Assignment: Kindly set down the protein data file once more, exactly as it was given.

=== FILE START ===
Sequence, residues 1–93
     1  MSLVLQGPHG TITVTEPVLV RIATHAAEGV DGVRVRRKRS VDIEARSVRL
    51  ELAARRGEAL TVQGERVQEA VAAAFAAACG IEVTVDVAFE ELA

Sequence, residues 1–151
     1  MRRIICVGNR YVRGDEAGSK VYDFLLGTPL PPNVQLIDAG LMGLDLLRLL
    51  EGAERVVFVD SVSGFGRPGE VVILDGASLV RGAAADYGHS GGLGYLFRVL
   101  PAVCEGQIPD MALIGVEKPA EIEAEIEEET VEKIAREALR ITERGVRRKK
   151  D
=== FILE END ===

Sequence, residues 1–93
     1  MSLVLQGPHG TITVTEPVLV RIATHAAEGV DGVRVRRKRS VDIEARSVRL
    51  ELAARRGEAL TVQGERVQEA VAAAFAAACG IEVTVDVAFE ELA

Sequence, residues 1–151
     1  MRRIICVGNR YVRGDEAGSK VYDFLLGTPL PPNVQLIDAG LMGLDLLRLL
    51  EGAERVVFVD SVSGFGRPGE VVILDGASLV RGAAADYGHS GGLGYLFRVL
   101  PAVCEGQIPD MALIGVEKPA EIEAEIEEET VEKIAREALR ITERGVRRKK
   151  D